As the 1970s rolled on and John Surtees set up a motorcycle shop and Honda dealership, bringing an end to his racing career, Barry Sheene was just getting started. However, a massive crash at Daytona in 1975 nearly finished Sheene’s racing adventure.
It was in 1976, twenty years after Surtees, in which Barry Sheene brought home the 500cc World Championship and then retained it the following season, partnered by Steve Parrish.
In what a lot of motorcycle racing fans call one of the greatest Grand Prix’s of all time, Sheene battled with Kenny Roberts at the 1979 British Grand Prix. The following season he would leave Suzuki and race on a privateer Yamaha. There would be no more titles for the fun loving Londoner. He would retire from the sport in 1984 taking up residence in Australia.
In contrast, John Surtees would still be involved in motorsport, becoming chairman for the A1 Grand Prix series.
In 1996 John Surtees was inducted into the International Motorsports Hall Of Fame. Barry Sheene died of cancer in 2002, a year after the FIM named him a Grand Prix Legend. He was awareded an MBE. In 2003 John Surtees would receive the same honour of being named a Grand Prix Legend by the FIM. He attained the honours of MBE, OBE and CBE.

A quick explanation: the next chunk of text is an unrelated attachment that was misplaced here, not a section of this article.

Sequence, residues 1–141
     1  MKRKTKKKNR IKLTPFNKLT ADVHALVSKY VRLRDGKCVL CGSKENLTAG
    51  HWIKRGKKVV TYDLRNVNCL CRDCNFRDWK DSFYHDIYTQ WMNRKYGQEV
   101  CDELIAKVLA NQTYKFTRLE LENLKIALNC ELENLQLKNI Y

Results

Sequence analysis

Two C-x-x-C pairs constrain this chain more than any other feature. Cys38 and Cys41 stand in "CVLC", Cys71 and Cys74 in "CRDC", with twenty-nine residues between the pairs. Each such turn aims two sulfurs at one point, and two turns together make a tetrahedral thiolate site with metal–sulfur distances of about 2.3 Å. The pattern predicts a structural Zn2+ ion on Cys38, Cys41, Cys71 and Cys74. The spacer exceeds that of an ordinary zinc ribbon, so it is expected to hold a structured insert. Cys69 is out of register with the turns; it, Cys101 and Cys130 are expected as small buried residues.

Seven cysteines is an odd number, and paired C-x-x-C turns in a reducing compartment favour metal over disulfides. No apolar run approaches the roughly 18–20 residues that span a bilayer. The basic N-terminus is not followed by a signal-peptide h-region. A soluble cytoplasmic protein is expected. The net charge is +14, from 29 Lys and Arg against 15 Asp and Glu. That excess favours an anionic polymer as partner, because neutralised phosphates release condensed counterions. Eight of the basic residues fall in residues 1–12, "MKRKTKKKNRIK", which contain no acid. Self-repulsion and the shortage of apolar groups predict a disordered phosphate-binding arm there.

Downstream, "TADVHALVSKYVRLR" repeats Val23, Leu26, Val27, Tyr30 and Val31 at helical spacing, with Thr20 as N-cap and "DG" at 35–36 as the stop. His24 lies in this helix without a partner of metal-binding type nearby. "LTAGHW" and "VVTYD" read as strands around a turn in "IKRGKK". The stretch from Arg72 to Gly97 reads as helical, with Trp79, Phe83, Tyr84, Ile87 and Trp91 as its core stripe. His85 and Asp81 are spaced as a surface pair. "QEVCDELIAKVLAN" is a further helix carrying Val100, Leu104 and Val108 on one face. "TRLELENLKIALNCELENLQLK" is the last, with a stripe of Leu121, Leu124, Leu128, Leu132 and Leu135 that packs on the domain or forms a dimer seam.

To this day John Surtees is the only person to have ever won world championships on two and four wheels and Barry Sheene is the only British double world champion in the premier motorcycle racing class. Surtees also won 6 Isle Of Man TT races.
You could say that both men were worlds apart. The gentleman, soft persona of John Surtees against the cheeky, hard drinking and hard smoking Barry Sheene.
The two men share some things in common. They both have parts of Brands Hatch named after them, they were both 500c World Champions and sadly they both died on 10th March.
They were legends in their sports and loved by the fans for the way they raced and the emotion they put into their passion of racing.
I grew up learning about John Surtees and was completely captured by his story and what he had achieved long before I had been born. I grew up watching Barry Sheene hurtle his way fearlessly around the track, regardless of the many injuries he suffered.
In my eyes they were just two heroes who I admired. I never met Barry Sheene. I wish I had, he seemed like a fun person to be around. I did meet John Surtees on two occasions, he was such a lovely man with so much time for racing fans.
Both dearly missed by friends and family, the news of John Surtees death today and the anniversary of Barry Sheene’s passing tinged this day with sadness, but somewhere on a race circuit in the sky I’m sure Barry Sheene was sitting on the starting grid waiting for John Surtees to arrive so they could have that race they were never destined to have.
Two men with racing in their blood. One the son of the wind and the other a maverick, but both total legends in the eyes of any racing fan.
As a racing fan I’ll savour the past and thank both men for the enjoyment they gave me.
See you at the chequered flag.